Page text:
What do critics think about fear as a theme for "A Small, Good Thing" by Raymond Carver?
For three critics whose essays are posted here on enotes, Raymond Carver's short story "A Small, Good Thing" points to the theme in its very title. If not the redemption from suffering, then at least the understanding of suffering comes from the small, but good act of human comfort and sharing. Human sympathy provides grace says critic Arthur Saltzman; "...in this bleak and cruel world, all people can do is reach out to one another," says critic Bryan Aubrey; and, understanding is given in the food we share with others, says Mark A.R. Facknitz.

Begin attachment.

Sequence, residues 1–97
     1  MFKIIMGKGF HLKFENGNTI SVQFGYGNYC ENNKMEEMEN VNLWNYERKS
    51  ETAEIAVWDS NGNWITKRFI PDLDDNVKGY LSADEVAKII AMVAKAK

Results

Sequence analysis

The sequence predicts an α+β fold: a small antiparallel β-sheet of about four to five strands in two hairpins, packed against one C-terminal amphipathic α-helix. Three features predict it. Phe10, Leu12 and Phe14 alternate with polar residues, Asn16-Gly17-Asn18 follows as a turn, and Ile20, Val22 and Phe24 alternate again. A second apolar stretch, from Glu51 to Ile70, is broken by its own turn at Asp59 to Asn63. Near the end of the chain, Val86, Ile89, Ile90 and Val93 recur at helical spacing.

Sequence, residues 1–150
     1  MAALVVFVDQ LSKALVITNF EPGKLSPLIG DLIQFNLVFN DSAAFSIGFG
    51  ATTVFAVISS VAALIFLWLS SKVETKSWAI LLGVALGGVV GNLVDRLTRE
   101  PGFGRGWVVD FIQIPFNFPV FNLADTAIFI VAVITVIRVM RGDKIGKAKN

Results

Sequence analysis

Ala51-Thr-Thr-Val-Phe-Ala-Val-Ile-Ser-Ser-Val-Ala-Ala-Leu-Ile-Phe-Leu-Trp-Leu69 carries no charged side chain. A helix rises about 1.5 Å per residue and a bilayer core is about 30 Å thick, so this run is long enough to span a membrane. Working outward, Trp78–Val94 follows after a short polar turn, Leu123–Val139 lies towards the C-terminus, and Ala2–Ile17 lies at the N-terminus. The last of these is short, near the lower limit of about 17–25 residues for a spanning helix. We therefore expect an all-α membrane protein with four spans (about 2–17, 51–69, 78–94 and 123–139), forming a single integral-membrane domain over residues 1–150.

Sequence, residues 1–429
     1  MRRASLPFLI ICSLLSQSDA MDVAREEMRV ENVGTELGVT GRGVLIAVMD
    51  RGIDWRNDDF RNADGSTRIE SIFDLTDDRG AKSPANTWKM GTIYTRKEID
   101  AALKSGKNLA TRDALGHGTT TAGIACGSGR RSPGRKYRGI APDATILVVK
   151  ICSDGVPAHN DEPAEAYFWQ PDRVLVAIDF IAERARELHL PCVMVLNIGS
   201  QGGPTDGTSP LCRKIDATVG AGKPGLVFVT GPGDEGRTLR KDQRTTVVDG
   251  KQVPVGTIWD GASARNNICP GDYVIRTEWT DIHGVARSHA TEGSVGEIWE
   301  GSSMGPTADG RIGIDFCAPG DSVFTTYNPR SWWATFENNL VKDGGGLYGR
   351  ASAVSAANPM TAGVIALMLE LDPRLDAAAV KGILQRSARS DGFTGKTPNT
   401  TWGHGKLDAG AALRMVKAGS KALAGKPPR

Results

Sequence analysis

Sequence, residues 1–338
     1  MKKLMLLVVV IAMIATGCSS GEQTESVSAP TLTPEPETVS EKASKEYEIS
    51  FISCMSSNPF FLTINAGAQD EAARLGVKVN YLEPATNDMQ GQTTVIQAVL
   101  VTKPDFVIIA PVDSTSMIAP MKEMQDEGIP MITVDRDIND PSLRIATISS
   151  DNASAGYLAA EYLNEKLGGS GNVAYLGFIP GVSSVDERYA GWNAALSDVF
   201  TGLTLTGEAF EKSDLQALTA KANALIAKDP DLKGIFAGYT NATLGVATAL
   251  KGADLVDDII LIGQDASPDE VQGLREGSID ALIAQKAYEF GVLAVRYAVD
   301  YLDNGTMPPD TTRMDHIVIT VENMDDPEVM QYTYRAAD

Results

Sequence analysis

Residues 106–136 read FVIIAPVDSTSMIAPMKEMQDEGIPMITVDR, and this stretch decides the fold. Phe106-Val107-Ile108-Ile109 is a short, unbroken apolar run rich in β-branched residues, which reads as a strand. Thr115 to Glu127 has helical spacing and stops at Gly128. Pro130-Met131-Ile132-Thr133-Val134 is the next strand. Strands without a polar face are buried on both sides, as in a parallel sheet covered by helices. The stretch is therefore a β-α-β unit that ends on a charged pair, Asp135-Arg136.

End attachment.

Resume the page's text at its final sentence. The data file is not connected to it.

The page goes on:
In spite of the deceptive simplicity of Carver's minimalist style, there is in "A Small, Good Thing" a psychological drama of the human condition. Alone in their misery when their son Scotty, who is struck by a car while he is on his bicycle, dies unexpectedly, Ann and Howard Weiss suffer in different rooms. When the baker continues to call them about the birthday cake that they did not pick up, they decide to confront him by driving to the shop. When Ann angrily tells him what has happened, the baker realizes his callousness and asks to be forgiven. Drawing chairs to a table, he asks the Weisses to sit and share some freshly broken bread with him. Together they break bread and share in their suffering. Thus, the bonds of suffering bring them together in communion with one another. Their understanding is "a small, good thing."